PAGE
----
Tuesday, February 5, 2013

MSC Buys Stake in POLB Terminal

Mediterranean Shipping Co. has decided to buy a stake in the leasehold for the marine terminal operations at Pier T, the Port of Long Beach’s largest container terminal, port Executive Director Chris Lytle announced during his annual “State of the Port” address Jan. 31.

“I am proud to announce that the Mediterranean Shipping Company, the second-largest shipping line in the world, has increased its investment in the Port of Long Beach by partnering with Total Terminal International at Pier T. This essentially doubles their stake here at Long Beach,” he said. “MSC already has an interest in Pier A, but this decision makes Long Beach the carrier’s West Coast hub, ensuring it will move more cargo through our port.”

Port of Long Beach is MSC’s biggest West Coast hub of operations, and Pier T is the port’s largest container terminal. The decision by Mediterranean to increase its investments at the terminal is the second such move by a leading shipping company in recent months.

The port announced in December that CMA CGM, the world’s third-largest ocean carrier, had purchased a stake in Pier J in Long Beach.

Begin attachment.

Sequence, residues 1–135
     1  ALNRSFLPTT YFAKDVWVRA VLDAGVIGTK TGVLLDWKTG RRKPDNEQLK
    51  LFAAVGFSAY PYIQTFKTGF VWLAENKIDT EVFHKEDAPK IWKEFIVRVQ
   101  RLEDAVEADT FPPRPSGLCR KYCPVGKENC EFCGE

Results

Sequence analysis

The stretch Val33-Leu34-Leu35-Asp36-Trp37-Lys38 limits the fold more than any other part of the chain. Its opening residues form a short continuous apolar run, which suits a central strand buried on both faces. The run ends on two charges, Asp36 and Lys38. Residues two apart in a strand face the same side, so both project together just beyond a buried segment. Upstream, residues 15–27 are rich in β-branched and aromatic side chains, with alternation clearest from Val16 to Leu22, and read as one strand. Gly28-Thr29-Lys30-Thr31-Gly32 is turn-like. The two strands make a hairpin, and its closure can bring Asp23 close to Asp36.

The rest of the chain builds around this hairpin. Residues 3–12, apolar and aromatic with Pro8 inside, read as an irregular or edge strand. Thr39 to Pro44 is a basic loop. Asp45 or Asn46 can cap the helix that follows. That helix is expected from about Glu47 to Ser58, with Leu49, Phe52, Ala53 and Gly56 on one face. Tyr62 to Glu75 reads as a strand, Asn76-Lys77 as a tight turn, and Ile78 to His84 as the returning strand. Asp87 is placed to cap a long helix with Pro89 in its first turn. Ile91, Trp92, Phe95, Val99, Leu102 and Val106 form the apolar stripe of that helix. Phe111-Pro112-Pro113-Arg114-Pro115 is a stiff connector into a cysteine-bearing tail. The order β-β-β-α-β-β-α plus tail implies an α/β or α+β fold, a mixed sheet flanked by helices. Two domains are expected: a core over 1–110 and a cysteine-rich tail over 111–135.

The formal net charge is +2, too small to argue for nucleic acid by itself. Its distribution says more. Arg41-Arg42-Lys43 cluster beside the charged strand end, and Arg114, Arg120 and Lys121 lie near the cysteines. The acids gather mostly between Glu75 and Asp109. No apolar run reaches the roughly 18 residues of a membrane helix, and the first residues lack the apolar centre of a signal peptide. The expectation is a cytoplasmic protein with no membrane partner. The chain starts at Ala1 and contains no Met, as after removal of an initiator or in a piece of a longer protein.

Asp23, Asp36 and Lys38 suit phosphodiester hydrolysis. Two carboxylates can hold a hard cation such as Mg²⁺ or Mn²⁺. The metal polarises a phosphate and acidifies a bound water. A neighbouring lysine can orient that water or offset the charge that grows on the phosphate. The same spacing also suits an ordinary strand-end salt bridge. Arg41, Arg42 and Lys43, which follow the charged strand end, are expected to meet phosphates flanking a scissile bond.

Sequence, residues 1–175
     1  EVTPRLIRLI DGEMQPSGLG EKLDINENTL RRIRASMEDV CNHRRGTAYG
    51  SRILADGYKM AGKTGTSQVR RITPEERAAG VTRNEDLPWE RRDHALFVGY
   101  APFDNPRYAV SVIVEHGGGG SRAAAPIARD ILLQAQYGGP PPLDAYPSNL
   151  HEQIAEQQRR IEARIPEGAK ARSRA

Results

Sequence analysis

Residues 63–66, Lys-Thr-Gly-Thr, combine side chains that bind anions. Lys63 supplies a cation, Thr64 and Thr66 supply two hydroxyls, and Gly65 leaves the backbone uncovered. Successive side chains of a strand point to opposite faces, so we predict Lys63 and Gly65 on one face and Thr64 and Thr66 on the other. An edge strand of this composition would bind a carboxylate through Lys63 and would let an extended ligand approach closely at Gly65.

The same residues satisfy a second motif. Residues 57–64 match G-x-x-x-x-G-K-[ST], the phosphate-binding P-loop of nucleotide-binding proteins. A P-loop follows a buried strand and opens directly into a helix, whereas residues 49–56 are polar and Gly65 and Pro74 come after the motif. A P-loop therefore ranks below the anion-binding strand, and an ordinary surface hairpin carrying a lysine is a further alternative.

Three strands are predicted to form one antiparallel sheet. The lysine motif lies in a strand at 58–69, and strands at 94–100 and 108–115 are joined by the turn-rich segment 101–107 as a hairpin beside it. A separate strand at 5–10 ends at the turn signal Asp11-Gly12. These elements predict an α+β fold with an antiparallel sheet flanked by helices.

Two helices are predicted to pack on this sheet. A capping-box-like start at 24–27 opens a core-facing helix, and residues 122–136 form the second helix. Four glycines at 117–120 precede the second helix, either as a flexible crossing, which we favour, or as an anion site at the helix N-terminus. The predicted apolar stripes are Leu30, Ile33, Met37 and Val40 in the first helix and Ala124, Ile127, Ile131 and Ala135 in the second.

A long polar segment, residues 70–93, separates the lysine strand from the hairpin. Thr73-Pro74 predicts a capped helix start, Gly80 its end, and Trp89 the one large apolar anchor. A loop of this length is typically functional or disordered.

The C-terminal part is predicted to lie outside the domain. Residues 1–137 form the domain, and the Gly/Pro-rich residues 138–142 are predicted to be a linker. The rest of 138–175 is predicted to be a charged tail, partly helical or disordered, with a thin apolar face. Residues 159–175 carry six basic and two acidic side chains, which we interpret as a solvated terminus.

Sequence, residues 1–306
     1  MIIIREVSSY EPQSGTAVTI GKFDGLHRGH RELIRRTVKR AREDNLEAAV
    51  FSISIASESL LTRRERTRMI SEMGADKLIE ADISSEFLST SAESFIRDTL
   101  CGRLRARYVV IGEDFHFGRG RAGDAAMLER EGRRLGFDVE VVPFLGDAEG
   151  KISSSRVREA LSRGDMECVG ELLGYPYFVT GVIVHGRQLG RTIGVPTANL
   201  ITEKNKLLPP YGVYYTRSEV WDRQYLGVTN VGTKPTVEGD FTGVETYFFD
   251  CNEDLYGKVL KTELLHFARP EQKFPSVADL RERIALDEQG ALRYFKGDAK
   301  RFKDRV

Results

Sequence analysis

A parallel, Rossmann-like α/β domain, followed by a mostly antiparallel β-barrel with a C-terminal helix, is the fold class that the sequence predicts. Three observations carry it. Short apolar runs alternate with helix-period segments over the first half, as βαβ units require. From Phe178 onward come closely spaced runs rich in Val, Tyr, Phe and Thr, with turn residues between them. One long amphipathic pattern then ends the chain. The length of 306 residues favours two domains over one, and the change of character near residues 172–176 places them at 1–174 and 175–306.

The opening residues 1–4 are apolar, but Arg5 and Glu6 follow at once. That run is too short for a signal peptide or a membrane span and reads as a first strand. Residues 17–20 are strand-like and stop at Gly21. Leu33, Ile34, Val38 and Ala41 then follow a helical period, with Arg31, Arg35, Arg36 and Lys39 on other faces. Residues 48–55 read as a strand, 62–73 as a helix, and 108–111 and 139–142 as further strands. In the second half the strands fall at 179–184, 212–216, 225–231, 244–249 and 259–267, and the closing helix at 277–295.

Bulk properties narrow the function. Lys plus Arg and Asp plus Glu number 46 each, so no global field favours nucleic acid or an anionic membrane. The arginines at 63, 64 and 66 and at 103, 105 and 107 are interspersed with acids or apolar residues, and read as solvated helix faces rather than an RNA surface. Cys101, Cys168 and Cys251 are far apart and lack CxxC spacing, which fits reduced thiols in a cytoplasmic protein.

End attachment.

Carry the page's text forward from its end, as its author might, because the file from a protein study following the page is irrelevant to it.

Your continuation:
“For those of you who have been keeping tally, yes, that’s right: two of the world’s top three ocean carriers are now here in Long Beach,” Lytle said during his speech, which took place in front of hundreds at the Long Beach Convention Center’s Grand Ballroom, which seats up to 2,100.

The Swiss-based MSC and CMA CGM, of France, have been coming to the Port for years, but their direct investments mean Long Beach will be their exclusive gateway in Southern California, bringing more trade. MSC and CMA CGM operate some of the biggest containerized cargo ships in the trans-Pacific trade. The MSC Beatrice, for example, is among the latest generation of larger, greener ships. The MSC Beatrice can carry 13,798 container units – more than 70 percent more than the typical “megaship” of a few years ago.

Also during his address, Lytle touched on various other topics, including the port’s ongoing 10-year, $4.5 billion rebuilding and modernization program, which focuses on bringing cleaner and more efficient facilities to the port. Components include major waterfront improvements at Middle Harbor and Pier G and a $1 billion project to replace the aging Gerald Desmond Bridge.

“Ports in Canada, Mexico and right here in the US – on both coasts – all want a greater share of our business. To stay competitive and keep jobs here, we must continue to improve our facilities,” he said. “We are committed to ensuring that the hundreds of thousands of trade-related jobs that depend on our success stay right here in Southern California.”